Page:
Baltimore County Announces New Online Code Enforcement System with Citizen Access

Baltimore County launched a new “online system that offers residents unprecedented access to Code Enforcement case updates while streamlining administrative functions, enhancing the County’s efficiency and reducing costs.”

From Baltimore County’s news release,

This is the latest module implemented as part of the County’s new $1.13 million technology platform that integrates Geographical Information System (GIS) data with agency workflow systems, maximizing efficiencies and supporting business decisions while also increasing transparency and offering better customer service and access. These automations improve overall data integrity and reduce the costs and wasted time related to manual data entry and analysis.

“This new Code Enforcement tracking and management system is the next step in making County government more efficient and cost-effective, while enabling citizens to communicate with us 24 hours a day, seven days a week,” Kamenetz said. “This field-based system means that our Code Enforcement inspectors can spend a lot more time out in the field inspecting and less time in the office doing paperwork. Plus it offers community members instant access to track our enforcement efforts.”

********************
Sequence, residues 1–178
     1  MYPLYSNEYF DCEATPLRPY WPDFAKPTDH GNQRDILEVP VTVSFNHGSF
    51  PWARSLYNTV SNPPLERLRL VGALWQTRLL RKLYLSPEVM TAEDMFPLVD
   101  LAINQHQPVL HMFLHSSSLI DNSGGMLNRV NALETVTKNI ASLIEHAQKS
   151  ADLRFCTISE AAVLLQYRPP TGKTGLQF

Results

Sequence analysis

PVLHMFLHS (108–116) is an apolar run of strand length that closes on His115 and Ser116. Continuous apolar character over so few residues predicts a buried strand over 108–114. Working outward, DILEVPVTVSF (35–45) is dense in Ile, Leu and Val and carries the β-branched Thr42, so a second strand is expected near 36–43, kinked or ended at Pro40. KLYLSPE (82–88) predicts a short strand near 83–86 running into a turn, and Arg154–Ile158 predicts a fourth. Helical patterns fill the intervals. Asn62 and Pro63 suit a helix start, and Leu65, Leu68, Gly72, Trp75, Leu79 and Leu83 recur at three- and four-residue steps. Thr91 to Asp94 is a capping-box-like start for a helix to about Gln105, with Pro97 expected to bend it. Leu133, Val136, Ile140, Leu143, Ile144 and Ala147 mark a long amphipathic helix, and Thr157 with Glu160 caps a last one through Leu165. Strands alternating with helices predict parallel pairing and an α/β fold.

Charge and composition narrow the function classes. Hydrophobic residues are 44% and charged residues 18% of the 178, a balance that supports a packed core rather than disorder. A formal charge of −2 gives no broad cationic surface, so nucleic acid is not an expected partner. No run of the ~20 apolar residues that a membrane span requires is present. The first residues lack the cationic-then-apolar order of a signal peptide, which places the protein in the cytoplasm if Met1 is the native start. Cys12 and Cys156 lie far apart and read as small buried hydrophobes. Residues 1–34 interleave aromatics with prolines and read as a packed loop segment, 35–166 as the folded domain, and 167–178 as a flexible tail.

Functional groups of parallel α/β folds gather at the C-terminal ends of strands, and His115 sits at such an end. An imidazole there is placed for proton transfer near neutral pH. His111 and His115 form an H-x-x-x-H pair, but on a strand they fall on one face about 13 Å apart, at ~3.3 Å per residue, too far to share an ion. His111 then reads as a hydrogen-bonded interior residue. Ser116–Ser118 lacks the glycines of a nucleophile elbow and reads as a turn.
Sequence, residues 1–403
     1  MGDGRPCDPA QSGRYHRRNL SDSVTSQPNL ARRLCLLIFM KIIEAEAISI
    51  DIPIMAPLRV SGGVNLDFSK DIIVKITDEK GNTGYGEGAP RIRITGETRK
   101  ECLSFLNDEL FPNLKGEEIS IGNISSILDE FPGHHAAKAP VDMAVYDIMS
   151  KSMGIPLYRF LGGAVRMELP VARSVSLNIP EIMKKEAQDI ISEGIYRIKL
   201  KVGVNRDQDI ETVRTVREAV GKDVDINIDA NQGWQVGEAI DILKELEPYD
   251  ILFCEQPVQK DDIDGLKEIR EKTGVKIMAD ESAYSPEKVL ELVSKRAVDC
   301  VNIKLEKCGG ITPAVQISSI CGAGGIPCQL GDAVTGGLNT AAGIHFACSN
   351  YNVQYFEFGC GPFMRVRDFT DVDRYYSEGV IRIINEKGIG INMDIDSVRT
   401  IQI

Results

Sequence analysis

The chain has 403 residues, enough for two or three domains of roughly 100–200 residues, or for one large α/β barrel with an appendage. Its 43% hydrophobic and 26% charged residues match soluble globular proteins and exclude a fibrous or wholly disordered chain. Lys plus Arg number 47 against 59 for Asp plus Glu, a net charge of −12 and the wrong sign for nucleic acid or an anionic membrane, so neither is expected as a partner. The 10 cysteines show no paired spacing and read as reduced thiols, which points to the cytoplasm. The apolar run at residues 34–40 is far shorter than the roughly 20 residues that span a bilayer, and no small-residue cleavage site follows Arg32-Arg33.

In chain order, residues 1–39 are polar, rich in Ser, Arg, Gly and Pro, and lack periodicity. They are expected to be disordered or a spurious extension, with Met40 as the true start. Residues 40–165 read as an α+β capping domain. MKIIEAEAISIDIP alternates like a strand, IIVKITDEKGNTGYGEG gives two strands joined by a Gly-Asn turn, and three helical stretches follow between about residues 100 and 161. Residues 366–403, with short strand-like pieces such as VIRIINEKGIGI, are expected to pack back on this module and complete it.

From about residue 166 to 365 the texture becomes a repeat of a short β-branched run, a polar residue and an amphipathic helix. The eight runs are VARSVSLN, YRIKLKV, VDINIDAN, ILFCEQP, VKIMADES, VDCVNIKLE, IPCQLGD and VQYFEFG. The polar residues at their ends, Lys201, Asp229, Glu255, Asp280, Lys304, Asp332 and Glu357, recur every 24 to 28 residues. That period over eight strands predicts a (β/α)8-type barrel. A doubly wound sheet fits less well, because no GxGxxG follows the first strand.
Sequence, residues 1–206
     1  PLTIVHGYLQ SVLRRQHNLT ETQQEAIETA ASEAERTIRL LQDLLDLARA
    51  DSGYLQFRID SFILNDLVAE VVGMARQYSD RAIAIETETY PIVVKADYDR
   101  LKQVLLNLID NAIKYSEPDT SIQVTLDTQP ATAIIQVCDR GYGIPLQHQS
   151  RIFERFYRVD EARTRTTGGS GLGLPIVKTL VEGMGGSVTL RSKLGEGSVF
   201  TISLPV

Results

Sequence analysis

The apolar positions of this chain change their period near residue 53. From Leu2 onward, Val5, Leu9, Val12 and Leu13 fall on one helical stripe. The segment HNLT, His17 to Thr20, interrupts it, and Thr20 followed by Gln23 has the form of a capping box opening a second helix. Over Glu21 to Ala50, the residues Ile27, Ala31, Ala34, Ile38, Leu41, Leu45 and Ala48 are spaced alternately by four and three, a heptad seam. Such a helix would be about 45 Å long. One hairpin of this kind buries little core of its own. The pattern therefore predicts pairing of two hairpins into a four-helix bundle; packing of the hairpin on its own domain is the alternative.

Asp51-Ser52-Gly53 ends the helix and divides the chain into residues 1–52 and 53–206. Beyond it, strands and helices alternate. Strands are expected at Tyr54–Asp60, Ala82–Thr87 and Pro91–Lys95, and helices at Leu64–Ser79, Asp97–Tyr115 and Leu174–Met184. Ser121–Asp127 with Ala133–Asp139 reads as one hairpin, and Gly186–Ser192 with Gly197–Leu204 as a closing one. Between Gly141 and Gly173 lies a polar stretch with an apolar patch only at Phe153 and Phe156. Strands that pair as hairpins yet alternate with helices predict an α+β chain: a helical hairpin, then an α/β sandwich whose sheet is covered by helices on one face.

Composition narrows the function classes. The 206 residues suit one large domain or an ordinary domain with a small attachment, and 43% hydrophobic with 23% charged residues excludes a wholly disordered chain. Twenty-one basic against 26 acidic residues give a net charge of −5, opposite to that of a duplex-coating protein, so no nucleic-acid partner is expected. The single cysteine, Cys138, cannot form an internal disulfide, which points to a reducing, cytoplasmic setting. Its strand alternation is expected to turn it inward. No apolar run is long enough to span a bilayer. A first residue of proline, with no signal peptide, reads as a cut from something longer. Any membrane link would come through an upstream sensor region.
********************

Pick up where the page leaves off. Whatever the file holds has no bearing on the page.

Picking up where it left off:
The system empowers citizens, giving them immediate confirmation when they submit a complaint, direct notification of inspections and correction notices, and, if necessary, details of enforcement actions and hearings.

The new system outfits County Code Inspectors with iPad notepad computers to develop their daily routes, investigate and report on complaints, request correction notices, take photographs and generate re-inspection dates. This new field-based capability eliminates the need for inspectors to spend hours each day in the office doing paperwork and printing and filing hard copies of photos and reports. The County projects savings of about $75,000 per year in printing and paper supplies alone, more than offsetting the $18,400 cost for the inspectors’ iPads.

To read the full release, visit Baltimore County’s website.

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